This season of Doctor Who has already made waves for presenting the world with the first female Doctor. The waves of change have kept coming thanks to Sunday's episode, which featured an uncompromising look at the monumental stand civil rights activist Rosa Parks took against segregation in Montgomery, Alabama, by refusing to move from her bus seat.
The episode, "Rosa," features the Doctor (Jodie Whittaker) and companions Graham (Bradley Walsh), Yasmin (Mandip Gill) and Ryan (Tosin Cole) traveling back in time to 1955 with the goal of preserving the events that happened between Parks (Vinette Robinson) and Montgomery police before a nefarious presence tries to change history's trajectory forever. The episode was co-written by author Malorie Blackman, the series' first Black screenwriter and sixth female writer. Thankfully, Blackman won't be the only woman or person of color to write for the series this season, since showrunner/writer Chris Chibnall has assembled a racially and gender-diverse writers room.
This episode is the first in the history of all 37 seasons of #DoctorWho that was written by a person of color. Malorie Blackman, who wrote this, is only the 6th woman to write an episode. It's immediately the most iconic episode in my book. It's really fantastic. So powerful. https://t.co/qUc0zyDq2F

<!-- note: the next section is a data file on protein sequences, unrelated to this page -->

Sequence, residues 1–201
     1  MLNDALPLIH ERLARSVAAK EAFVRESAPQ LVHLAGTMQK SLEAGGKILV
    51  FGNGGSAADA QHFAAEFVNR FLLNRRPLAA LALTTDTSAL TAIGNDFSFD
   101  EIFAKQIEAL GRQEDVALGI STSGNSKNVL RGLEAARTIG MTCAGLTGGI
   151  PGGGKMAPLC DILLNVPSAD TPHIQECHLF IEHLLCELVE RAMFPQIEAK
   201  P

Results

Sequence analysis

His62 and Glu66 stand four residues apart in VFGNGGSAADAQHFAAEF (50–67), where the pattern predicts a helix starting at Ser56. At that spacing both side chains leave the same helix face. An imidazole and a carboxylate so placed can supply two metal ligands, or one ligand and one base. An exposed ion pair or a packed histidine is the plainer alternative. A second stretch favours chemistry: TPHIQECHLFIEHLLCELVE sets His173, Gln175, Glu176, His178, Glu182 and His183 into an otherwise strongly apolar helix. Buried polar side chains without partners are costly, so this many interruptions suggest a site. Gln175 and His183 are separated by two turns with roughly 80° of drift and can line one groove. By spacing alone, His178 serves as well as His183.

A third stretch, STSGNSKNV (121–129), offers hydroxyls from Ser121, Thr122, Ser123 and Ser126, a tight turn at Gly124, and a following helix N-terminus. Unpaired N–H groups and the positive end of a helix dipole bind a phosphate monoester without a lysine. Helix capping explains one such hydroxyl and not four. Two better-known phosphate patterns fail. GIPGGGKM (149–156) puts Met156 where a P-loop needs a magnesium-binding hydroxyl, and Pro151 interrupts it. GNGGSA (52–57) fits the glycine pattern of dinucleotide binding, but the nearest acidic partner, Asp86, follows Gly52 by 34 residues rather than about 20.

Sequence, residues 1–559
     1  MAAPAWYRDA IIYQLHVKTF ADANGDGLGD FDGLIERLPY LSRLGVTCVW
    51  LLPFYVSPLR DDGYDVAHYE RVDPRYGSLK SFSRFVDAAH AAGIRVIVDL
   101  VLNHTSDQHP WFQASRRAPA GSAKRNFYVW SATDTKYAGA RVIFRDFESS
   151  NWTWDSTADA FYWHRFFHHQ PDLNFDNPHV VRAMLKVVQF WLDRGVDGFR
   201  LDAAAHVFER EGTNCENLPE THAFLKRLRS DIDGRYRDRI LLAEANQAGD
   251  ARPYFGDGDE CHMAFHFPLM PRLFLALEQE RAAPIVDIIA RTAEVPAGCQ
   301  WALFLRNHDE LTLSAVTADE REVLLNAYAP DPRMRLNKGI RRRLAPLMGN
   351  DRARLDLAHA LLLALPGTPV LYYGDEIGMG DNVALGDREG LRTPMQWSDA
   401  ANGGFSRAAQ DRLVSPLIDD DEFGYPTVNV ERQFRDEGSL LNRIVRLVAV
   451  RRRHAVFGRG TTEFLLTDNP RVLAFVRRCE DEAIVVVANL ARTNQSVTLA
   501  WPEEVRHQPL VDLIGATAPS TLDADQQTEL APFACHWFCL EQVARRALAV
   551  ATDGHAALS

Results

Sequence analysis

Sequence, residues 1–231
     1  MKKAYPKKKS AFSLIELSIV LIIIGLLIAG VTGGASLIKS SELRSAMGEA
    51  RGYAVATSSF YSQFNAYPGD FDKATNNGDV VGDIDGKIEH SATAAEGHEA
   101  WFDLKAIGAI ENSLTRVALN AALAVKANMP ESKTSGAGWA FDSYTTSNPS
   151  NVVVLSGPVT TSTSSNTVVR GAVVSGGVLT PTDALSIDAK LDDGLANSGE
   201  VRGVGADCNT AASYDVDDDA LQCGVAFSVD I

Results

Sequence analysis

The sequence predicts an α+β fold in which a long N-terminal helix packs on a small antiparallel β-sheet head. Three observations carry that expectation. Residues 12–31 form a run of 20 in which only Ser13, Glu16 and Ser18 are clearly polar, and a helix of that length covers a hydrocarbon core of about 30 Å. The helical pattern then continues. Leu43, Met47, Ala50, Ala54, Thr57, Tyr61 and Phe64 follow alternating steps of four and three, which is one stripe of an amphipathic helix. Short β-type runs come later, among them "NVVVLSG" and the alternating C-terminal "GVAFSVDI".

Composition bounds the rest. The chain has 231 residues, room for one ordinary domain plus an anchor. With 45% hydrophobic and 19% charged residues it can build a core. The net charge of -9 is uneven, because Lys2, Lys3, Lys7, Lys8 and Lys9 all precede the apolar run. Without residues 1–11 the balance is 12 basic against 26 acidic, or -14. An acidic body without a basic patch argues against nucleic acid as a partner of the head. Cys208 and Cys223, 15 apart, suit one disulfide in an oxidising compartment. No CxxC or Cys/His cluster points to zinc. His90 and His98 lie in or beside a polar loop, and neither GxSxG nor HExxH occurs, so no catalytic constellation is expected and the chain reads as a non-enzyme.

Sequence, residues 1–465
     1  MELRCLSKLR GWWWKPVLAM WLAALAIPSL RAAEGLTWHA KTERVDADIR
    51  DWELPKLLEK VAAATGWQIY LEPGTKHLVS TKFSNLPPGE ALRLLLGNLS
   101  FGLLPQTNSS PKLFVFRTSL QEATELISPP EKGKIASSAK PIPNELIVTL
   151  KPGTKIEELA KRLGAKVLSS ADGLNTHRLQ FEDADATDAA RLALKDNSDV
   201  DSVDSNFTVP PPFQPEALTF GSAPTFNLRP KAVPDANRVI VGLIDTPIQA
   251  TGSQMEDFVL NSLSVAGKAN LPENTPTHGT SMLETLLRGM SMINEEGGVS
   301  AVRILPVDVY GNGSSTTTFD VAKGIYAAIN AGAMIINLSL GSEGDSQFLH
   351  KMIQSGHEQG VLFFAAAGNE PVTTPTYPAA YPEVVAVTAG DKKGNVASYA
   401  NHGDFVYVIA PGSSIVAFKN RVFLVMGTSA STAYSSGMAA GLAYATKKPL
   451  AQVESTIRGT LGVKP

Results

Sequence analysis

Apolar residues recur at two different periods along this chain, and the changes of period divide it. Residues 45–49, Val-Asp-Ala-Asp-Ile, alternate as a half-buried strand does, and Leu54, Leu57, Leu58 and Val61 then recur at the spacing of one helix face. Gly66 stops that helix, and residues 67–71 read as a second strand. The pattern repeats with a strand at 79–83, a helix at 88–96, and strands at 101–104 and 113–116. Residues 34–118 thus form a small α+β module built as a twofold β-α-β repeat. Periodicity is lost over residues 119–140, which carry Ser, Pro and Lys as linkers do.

— Travon Free (@Travon) October 22, 2018
Fans of the show were overwhelmed by the episode, expressing their gratitude on Twitter. Particularly noteworthy is how the episode compared 1955 to today, showing how many of the remnants of racism still remain. In one scene, Yasmin and Ryan discuss how police brutality and discrimination still affect their everyday lives.
Overall, "Rosa" is an episode that shows just how universal Doctor Who can be, as well as its potential to embrace one of the tenets of science-fiction, which is to point a mirror to our society and how it can and must change for the better.